Thums Up challenges Pepsi on taste

By , agencyfaqs! | In | February 24, 2001
By harping on the 'strong drink' aspect of Thums Up, the new campaign for the brand aims to reposition Pepsi as a drink for kids. But is it a good idea?

It's an old Coca-Cola strategy, even on the global level. And it goes like this: Never pitchfork Coke in a direct confrontation with Pepsi, irrespective of whatever potshots the No. 2 cola takes at Coke. Instead, use the other soft drink brands in the portfolio to hit back. And internationally, Coca-Cola has been using Sprite to this end with good effect.

Of course, in that sense, Coca-Cola India has a distinct advantage. For not only can it use Sprite, it also has another flanker in local cola brand Thums Up. And in the past, Coca-Cola India has used Thums Up towards this end. Remember the 'Don't be a bandar…' and 'Don't be a machchar…' ads?

Now, with the sweltering summer just round the corner in India, Coke has again taken the fight to the streets with Thums Up. And by playing the Pepsi-tastes-sweet card, it is looking to reposition Pepsi as a drink for kiddos. So, a couple of weeks ago, TV channels were full of a swaggering Salman Khan asking viewers if they had grown up to Thums Up.

Well, that was the teaser campaign. On Friday night, the real stuff happened. The commercial which broke Friday night is as follows. Salman Khan is seen conducting a blind test in what appears to be a college campus. He gets a volunteer, of whom he asks what his favourite drink is. The reply is 'sound blocked', but, of course, nobody is nobody's fool.

Salman than asks the teenager what constitutes a 'kid's drink'. Something that's sweet, the teenager grimaces. Salman then asks the volunteer to sample the two colas, and then asks him which is the drink with 'thunder'. The teenager points to one of the colas, which turns out to be Thums Up. Surprise, surprise, eh?

The other cola in the test is… well, never mind. And just in case the viewer still hasn't got the drift of the communication, Salman seals the issue by ribbing the teenager, "Dil maange more?" Actually, one viewer who saw the ad had a good idea - he said, "The line should actually have been 'Still maange more?'. That would have been more tongue-in-cheek." (Anyone at Leo Burnett listening?)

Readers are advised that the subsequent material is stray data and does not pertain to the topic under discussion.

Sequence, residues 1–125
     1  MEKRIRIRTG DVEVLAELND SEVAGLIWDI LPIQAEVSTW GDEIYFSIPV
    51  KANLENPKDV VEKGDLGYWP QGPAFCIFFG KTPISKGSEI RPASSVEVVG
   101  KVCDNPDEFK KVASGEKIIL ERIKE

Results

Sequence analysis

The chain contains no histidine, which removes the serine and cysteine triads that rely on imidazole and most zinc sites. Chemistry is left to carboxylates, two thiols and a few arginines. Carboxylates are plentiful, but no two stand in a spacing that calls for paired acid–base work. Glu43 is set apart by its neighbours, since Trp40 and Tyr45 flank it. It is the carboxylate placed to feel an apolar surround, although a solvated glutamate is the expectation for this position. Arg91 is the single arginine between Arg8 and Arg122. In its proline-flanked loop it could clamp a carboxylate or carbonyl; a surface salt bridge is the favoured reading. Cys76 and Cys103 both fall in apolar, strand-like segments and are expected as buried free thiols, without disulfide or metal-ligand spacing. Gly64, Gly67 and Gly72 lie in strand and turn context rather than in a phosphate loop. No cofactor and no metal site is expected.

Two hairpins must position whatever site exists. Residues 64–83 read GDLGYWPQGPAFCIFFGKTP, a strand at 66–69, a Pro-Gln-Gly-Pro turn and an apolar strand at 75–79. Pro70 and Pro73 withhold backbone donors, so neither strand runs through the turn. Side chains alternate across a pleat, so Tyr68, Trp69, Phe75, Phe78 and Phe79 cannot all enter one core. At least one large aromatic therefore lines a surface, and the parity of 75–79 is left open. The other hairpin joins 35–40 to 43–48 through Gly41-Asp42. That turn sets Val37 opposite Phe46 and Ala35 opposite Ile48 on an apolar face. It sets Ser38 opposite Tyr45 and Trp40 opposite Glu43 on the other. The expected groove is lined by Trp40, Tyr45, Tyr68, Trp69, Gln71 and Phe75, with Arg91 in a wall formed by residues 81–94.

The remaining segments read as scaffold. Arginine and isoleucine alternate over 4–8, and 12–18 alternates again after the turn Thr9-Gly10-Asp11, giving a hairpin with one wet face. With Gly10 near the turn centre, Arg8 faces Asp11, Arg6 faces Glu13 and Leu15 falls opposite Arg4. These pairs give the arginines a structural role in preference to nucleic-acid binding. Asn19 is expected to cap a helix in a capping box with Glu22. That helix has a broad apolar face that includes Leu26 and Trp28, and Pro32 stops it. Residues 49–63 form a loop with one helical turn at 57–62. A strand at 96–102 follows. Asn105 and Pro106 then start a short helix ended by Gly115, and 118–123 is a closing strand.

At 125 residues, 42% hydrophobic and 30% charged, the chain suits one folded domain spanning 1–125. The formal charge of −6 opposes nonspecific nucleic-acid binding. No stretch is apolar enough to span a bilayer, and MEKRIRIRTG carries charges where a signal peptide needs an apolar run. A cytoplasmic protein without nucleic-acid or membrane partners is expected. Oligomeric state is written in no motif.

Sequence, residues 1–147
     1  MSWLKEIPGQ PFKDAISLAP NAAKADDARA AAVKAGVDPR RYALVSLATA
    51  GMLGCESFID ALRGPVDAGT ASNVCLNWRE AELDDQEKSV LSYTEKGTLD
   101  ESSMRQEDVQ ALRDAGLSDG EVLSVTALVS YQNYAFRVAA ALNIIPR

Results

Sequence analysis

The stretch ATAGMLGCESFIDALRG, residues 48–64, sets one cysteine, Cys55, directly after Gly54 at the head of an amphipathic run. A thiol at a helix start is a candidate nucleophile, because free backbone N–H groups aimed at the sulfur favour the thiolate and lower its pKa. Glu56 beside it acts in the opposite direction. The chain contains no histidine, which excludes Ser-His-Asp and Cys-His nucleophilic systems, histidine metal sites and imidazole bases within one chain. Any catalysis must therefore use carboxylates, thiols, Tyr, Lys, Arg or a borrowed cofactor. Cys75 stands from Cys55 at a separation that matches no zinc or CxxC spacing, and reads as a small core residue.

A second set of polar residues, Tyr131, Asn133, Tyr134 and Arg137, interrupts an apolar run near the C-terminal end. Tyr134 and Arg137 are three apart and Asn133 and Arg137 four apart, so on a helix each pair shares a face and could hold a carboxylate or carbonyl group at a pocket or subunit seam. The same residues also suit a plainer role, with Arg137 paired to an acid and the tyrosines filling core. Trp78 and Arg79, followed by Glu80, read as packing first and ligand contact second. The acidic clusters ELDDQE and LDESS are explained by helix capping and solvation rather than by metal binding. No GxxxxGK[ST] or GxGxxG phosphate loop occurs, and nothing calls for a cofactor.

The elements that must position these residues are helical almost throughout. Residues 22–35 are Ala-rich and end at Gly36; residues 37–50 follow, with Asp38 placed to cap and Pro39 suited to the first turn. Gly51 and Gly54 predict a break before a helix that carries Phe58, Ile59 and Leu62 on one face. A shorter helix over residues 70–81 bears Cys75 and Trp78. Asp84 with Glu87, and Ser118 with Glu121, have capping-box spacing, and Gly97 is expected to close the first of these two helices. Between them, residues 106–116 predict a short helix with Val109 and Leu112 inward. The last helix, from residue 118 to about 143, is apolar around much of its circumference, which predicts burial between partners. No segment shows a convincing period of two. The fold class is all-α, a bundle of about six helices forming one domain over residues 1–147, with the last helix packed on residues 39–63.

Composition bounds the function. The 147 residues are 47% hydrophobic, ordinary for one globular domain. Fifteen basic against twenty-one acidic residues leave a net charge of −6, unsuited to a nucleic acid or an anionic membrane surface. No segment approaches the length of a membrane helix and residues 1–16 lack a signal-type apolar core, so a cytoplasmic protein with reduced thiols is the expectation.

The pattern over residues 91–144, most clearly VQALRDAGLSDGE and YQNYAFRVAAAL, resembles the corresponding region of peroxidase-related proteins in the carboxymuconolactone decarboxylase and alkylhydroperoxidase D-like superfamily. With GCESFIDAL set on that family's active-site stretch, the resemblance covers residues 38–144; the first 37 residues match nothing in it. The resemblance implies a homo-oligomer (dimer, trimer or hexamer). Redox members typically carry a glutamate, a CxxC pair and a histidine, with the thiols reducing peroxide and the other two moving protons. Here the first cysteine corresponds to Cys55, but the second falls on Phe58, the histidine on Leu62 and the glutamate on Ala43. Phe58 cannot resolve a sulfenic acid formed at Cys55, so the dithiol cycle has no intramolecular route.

Of course, being tongue-in-cheek has not been Thums Up's forte. Even the 'bandar' and 'machchar' commercials were quite crude. In fact, even slapdash. Tongue-in-cheekiness and wit have been Sprite's bailiwick. One can't forget the work that McCann did on Sprite after the Shah Rukh-Kajol-Rani ad went on air.

In fact, after Pepsi's Preity Zinta-Jaggu commercial broke, there was this one-off press ad for Sprite that took the pants off Pepsi. The ad had a visual that showed man's evolution - from chimp to Neanderthal to modern-day man. The modern man was shown to be drinking Sprite, and the ad talked about how Sprite was the easiest way to progress from 'Jaggu' to gentleman. 'Man ki suno, monkey ki nahin' was the tagline. Maybe Coca-Cola India should have persevered with this line of thinking.

"Thums Up is a very rum-and-cola drink, and its imagery has always been very macho," says an ad industry veteran. "Pepsi and Sprite, on the other hand, are both cheeky and irreverent brands. And when you have cheeky brands, there's an intrinsic fun in comparative advertising - a lot of enjoyable one-upmanship and brownie points. Thums Up doesn't quite fit the bill on these terms, so I don't think Thums Up should get into a comparison war with Pepsi in the first place. As you can see, the Thums Up campaign is too serious."

agencyfaqs! tried its level best to get an official angle to the Thums Up campaign, but despite many promises from Coke to the effect that "you shall get all the answers", all we came up with was silence. And, of course, Leo Burnett would not talk without a nod from Coke.

One fact that agencyfaqs! has gathered is that the Thums Up campaign has its foundation in some market research conducted by an independent agency. Of course, it doesn't take genius - or research, for that matter - to figure out what the average consumer thinks about Thums Up. Nine out of 10 are likely to say Thums Up's distinctiveness is its strong taste.

Interestingly, the commercial carries a disclaimer, which says that the ad was developed on the basis of market research. "Seeing how serious Thums Up sounds about the whole thing, maybe Coke should have actually made 'candid camera' commercials of the blind test," says the industry veteran. "That would have looked a trifle more convincing."

© 2001 agencyfaqs!


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